Puff, puff, PASS important laws repealing marijuana prohibition.
HUGE, historic news out of Colorado and Washington on Tuesday, where voters passed Amendment 64 and Initiative 502, respectively, to become the first states to legalize the recreational use and possession of marijuana. 56 percent approved the Initiative in Washington and 53 percent approved the amendment in Colorado. In the case of both states, marijuana will be regulated as a controlled substance like alcohol, as opposed to a narcotic. Tax revenues will be accrued at the state and local level from the resulting sale. In Colorado, adults over the age of 21 will be allowed to grow up to six mature plants, carry up to one ounce and give one ounce as a gift to others. In Washington, use will be legalized along with one ounce possession for adults over 21. Personal growing of unlicensed cannabis will remain illegal except for medical cannabis.
As Tom Angell, a spokesperson for Law Enforcement Against Prohibition, told the Huffington Post: “To put this into historical context, there is no historical context. It’s the first time any state has ever voted to legalize marijuana—and two of them did it.”
There are still a lot of questions and, frankly, the issue of state legalization isn't quite as simple as it sounds. The Pandora's Box of statewide legalization, of course, is that marijuana use and possession remains a federal crime. States could possibly overturn the laws to comply with federal statutes. If the laws aren't overturned, enforcement becomes a major question here: Will the Feds actively go after pot dealers and distribution networks that try to cash in? How will in-state federal enforcement trickle down to the consumption/possession level? In Washington, where growing marijuana without medicinal reasons remains illegal, how will the plant be cultivated for legal, recreational use? Will the executive branch under Obama's second term crackdown like they have on state dispensaries in California? How will taxes work? Time will tell.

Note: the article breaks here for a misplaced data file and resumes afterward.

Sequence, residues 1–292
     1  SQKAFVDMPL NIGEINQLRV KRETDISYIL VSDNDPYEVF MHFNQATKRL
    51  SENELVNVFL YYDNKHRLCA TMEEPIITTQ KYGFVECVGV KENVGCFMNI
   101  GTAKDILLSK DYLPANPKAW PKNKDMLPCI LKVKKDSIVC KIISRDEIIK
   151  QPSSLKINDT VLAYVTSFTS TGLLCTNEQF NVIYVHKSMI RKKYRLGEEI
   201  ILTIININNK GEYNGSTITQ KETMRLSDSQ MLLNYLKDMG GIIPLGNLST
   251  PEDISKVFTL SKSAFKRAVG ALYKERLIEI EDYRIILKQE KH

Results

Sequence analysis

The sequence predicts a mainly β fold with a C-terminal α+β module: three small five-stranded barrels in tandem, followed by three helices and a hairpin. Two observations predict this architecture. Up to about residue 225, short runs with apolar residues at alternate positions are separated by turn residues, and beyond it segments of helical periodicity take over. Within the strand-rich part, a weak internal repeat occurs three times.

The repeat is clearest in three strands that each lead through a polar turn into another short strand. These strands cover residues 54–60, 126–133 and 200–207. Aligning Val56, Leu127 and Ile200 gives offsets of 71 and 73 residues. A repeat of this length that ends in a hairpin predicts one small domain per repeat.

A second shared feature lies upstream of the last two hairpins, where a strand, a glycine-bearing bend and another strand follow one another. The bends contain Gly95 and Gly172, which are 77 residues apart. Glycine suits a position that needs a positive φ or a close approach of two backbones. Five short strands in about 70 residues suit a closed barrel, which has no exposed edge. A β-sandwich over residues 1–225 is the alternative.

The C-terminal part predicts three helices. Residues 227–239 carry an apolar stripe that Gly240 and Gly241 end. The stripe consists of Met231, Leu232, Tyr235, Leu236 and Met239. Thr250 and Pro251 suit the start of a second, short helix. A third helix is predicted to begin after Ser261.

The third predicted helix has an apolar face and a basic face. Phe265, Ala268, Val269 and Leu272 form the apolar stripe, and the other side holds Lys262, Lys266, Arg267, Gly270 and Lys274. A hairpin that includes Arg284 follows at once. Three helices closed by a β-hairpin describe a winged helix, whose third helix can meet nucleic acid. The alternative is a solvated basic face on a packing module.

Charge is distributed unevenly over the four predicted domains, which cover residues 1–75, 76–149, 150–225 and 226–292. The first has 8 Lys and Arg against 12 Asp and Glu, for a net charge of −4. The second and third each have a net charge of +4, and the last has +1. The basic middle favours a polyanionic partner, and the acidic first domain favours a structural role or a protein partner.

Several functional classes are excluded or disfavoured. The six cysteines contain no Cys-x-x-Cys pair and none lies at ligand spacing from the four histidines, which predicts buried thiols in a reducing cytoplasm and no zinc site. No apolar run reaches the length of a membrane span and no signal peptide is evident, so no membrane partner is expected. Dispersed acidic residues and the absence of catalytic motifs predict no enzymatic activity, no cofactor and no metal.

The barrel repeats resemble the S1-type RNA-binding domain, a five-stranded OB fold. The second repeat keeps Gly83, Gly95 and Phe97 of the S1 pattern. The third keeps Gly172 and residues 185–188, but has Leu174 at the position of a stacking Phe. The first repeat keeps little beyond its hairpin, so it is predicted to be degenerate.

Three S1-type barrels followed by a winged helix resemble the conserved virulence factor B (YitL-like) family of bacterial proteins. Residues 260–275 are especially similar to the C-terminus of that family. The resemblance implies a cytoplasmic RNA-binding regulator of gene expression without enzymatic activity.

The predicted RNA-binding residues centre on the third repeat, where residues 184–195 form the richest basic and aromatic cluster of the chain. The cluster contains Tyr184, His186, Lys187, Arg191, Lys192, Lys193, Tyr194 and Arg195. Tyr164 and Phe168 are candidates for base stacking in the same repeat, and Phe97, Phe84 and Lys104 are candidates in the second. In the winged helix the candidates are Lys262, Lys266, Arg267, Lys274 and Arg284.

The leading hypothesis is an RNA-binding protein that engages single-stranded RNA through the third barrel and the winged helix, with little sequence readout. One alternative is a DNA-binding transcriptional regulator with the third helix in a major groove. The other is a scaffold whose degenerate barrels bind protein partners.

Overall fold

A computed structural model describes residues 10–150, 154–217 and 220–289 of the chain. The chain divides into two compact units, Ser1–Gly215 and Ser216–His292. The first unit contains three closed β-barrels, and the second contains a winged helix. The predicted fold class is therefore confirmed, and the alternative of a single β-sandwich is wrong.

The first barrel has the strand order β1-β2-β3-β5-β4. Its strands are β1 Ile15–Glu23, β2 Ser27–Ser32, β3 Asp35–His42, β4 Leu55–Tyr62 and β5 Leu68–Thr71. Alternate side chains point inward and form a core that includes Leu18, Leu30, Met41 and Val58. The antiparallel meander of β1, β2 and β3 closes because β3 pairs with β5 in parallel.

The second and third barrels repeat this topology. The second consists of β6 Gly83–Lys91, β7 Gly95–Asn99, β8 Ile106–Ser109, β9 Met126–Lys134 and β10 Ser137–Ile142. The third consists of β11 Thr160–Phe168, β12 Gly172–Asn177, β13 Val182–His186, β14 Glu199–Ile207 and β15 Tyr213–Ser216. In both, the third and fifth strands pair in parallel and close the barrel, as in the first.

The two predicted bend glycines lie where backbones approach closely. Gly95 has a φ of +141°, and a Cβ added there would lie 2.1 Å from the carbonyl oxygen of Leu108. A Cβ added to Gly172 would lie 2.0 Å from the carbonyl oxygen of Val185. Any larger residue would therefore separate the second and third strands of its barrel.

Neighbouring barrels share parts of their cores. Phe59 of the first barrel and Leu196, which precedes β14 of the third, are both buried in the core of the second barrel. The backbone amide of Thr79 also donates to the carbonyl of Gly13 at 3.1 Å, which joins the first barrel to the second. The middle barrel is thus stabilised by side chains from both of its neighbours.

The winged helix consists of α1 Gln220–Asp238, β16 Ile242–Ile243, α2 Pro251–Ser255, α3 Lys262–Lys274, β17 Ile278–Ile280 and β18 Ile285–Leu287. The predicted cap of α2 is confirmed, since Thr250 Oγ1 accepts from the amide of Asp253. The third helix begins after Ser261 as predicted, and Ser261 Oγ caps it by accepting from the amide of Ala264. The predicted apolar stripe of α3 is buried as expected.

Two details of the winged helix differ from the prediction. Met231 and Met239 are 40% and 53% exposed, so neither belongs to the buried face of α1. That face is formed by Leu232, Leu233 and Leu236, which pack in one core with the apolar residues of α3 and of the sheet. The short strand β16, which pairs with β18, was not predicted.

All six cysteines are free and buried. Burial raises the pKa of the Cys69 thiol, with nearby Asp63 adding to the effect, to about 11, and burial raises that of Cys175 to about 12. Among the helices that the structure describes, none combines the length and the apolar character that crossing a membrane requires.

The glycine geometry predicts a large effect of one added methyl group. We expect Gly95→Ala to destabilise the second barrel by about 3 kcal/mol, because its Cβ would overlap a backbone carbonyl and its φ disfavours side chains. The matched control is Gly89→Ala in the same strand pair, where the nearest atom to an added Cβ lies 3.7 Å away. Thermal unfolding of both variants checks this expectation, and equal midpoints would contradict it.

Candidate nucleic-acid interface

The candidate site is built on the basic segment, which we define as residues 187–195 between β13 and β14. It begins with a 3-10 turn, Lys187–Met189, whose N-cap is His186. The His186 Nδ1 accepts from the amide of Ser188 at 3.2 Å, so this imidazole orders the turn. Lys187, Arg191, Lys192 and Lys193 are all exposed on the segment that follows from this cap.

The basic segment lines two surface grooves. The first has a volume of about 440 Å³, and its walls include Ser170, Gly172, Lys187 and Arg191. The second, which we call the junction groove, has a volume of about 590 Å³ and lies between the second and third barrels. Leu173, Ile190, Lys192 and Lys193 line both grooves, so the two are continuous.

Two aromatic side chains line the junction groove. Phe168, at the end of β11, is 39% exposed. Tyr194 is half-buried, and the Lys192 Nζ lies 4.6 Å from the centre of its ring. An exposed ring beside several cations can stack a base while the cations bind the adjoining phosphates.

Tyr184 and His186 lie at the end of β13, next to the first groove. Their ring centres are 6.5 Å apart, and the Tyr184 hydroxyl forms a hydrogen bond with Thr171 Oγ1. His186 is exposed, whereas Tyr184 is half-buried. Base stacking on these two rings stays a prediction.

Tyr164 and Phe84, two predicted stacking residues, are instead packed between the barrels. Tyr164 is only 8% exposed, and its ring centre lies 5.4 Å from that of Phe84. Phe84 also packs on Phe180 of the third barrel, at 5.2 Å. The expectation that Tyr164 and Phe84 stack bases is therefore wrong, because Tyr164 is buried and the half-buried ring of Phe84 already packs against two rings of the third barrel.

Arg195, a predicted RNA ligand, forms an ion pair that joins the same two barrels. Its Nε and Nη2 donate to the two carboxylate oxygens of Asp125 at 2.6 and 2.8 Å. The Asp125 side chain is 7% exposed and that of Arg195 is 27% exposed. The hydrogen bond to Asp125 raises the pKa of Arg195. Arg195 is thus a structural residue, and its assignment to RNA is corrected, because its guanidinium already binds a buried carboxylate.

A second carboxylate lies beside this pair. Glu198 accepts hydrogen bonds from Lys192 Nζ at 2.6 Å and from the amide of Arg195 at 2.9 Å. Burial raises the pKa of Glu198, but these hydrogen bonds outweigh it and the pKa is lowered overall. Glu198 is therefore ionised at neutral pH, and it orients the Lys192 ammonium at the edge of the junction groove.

Colorado Gov. John Hickenlooper echoed the sentiment, asking excited stoners to not "break out the Cheetos or Goldfish too quickly." Via Fox News:
“The voters have spoken and we have to respect their will,” Hickenlooper said. “This will be a complicated process, but we intend to follow through. That said, federal law still says marijuana is an illegal drug, so don’t break out the Cheetos or Goldfish too quickly.”
Still, it's a huge victory for pushing legalization initiatives into the mainstream. Here's a great pull-quote over at Toke of the Town:
"The victories in Colorado and Washington are of historic significance not just for Americans but for all countries debating the future of marijuana prohibition in their own countries," said Ethan Nadelmann, executive director of the Drug Policy Alliance. "This is now a mainstream issue, with citizens more or less divided on the issue but increasingly inclined to favor responsible regulation of marijuana over costly and ineffective prohibitionist policies."
Legalization initiatives lost in Oregon. Massachusetts, however, voted by a wide margin to legalize medicinal marijuana. Medicinal marijuana use was overturned in Arkansas.